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Security Sector Reform: A Case Study Approach to Transition and Capacity Building (Enlarged Edition) By Strategic Studies Institute et al.
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The authors explore the definition of SSR as it has emerged in the international community. The makeup of the security sector is examined, emergent principles are identified for implementing SSR in... More > the community of practice, and the outcomes that SSR is designed to produce are specified. The supporting case studies of Haiti, Liberia, and Kosovo assess the impact of SSR programs on host nation security sectors. The authors conclude that those conducting SSR programs must understand and continually revisit the policy goals of SSR programs so as to develop concepts that support a transitional process that moves forward over time. Intermediate objectives required in support of this transition also articulate what is good enough and fair enough at various stages in the transformational process. State actors must acknowledge and often accommodate nonstate security actors more effectively in SSR planning and implementation, while recognizing both the advantages and the risks of collaborating with such actors.< Less
Towards a U.S. Army Officer Corps Strategy for Success: Employing Talent (Officer Corps Strategy Series) (Enlarged Edition) By Strategic Studies Institute et al.
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Efficient talent employment is at the core of the Army Officer Human Capital Model. However, the Army’s current employment paradigm is unequal to the needs of a professional, volunteer Army... More > facing the twin challenges of a competitive labor market and an increasingly complex global operating environment. It unduly prioritizes "fairness" when making assignments, has a narrowly defined pathway to senior leadership ranks, cannot see the talent it possesses, and suffers from severe principal-agent problems. Optimal employment theories, information age tools, and well-regulated market mechanisms can help the Army match individual officer talents against specific work requirements, reducing risk and achieving the depth and breadth of talent it needs, both now and in the future.< Less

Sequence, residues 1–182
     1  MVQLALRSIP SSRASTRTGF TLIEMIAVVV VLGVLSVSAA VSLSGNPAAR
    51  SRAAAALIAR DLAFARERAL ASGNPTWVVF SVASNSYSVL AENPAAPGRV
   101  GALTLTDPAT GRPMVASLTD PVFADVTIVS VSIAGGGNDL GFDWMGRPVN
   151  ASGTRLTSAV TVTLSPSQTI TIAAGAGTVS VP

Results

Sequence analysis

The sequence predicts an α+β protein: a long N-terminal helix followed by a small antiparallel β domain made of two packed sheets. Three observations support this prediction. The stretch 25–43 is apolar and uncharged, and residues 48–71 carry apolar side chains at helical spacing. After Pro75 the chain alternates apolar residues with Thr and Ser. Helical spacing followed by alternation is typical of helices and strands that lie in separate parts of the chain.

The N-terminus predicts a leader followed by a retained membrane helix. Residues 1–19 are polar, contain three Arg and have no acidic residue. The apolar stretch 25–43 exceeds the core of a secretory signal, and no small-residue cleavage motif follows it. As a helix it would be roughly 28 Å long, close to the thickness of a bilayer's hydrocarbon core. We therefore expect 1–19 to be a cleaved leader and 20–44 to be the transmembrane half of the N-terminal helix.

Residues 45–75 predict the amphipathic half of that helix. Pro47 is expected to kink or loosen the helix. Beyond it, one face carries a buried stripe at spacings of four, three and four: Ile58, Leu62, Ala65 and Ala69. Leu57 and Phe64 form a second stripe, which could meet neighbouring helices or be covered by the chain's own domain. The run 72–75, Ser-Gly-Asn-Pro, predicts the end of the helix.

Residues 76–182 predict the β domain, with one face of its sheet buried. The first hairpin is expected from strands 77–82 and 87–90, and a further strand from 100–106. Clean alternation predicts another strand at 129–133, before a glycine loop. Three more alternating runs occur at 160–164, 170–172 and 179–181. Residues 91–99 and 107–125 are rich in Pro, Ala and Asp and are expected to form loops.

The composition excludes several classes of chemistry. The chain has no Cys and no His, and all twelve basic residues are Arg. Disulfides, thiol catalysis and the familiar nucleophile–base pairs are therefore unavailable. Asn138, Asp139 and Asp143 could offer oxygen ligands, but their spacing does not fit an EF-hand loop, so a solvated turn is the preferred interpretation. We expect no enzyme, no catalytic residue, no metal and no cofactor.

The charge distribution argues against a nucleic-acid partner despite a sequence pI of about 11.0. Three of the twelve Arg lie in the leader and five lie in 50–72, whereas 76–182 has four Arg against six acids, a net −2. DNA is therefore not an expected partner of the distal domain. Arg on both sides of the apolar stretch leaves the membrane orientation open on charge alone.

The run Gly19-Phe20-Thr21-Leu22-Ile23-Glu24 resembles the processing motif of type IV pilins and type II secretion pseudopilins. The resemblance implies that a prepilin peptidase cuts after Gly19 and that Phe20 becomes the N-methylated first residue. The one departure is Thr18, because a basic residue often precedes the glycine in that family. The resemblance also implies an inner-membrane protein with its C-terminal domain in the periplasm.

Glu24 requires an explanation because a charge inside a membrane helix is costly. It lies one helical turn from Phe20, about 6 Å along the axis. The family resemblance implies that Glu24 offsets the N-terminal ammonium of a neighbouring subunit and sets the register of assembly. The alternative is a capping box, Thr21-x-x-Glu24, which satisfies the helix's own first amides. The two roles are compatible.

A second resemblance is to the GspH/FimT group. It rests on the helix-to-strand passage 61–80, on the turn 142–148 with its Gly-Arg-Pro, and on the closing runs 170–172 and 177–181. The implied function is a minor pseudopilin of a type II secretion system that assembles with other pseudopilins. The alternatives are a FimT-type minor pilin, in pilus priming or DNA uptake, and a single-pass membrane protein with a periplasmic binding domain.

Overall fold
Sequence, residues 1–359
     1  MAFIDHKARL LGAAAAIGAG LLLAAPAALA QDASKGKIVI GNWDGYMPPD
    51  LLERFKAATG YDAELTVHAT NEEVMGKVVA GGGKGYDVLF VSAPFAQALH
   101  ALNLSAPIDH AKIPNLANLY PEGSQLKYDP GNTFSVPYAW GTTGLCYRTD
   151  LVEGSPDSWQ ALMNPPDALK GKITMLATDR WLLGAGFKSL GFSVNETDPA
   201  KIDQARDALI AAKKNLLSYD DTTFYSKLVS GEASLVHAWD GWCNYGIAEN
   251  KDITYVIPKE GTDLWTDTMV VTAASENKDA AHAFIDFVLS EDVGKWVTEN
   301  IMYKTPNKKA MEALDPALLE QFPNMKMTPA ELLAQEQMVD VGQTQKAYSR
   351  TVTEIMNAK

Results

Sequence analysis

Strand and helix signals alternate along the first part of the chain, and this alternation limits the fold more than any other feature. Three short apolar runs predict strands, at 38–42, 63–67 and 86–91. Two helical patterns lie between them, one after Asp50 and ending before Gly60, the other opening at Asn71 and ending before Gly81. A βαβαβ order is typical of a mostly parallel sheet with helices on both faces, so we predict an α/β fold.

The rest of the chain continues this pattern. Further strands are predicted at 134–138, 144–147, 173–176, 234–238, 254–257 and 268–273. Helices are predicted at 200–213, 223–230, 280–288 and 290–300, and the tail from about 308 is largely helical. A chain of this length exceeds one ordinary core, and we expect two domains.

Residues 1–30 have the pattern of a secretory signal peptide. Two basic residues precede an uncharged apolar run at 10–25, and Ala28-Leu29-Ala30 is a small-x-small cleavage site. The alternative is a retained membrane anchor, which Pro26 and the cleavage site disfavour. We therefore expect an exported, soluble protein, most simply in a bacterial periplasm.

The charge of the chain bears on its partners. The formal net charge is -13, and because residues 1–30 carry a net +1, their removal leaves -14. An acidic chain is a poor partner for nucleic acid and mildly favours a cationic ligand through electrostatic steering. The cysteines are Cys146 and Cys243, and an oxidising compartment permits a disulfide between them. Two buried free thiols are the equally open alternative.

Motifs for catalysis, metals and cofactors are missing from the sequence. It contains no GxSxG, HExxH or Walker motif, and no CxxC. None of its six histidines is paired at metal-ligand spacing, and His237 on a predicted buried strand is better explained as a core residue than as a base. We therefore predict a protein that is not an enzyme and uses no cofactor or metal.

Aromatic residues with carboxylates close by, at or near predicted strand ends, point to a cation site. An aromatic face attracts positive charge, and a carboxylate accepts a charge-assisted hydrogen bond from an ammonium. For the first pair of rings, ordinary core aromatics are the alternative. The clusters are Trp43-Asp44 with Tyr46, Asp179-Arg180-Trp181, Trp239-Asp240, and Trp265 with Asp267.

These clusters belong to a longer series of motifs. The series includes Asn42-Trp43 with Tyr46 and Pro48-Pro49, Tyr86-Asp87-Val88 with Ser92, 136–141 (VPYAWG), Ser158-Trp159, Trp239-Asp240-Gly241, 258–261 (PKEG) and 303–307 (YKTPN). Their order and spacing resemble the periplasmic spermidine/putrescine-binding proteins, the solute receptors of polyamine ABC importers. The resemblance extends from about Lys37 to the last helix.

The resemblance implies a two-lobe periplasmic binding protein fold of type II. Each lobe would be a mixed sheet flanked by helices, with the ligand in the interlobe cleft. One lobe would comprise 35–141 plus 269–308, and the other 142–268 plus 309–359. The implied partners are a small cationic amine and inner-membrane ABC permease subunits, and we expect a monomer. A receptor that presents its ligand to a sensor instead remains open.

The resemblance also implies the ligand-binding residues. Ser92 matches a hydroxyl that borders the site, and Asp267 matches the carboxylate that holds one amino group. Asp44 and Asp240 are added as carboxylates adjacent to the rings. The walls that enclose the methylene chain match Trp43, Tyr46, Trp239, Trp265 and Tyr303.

The Construction of Liberal Democracy: The Role of Civil-Military Institutions in State and Nation-Building in West Germany and South Africa (Enlarged Edition) By Strategic Studies Institute, U.S. Army War College, Jack J. Porter
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West Germany’s and South Africa’s experiences remind U.S. policymakers of the tremendous obstacles and challenges that confront states as they attempt to install liberal, democratic... More > political institutions. These experiences llustrate the intricate complexities and numerous considerations that factor into this process and provide some important lessons for the future. The multifaceted transition process involves a host of overlapping and interrelated political, economic, and social innovations that often must be tailored to the specific historical, demographic, and regional needs of each community. Most scholars and policymakers agree that restructuring the security and civil-military institutions is vital to the transition. The author begins the monograph by outlining the central theoretical and practical challenges associated with designing democratic armed forces and civilmilitary institutions. In essence, the overriding goal for these communities is two-fold: the creation of military...< Less
U.S. Military Forces and Police Assistance in Stability Operations: The Least-Worst Option to Fill the U.S. Capacity Gap (Enlarged Edition) By Strategic Studies Institute, U.S. Army War College, Dennis E. Keller
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Establishing an effective local police force is one of the most critical elements of successful counterinsurgency and stability operations, but is a task for which the U.S. government is poorly... More > prepared and lacks capacity. This monograph retraces the recent history of U.S. foreign police training, from the well-coordinated effort by the U.S. Agency for International Development (USAID) from 1961 to 1974, the U.S. congressional prohibition of the use of foreign assistance funds for police training which ended the USAID police training role in 1974, and the subsequent evolution of a patchwork approach to U.S. foreign police training involving up to 30 departments and agencies, a variety of private police contractors, and multiple fund appropriations. Despite this bureaucratic complexity, the key principles for developing effective local police in stability operations remain the same.< Less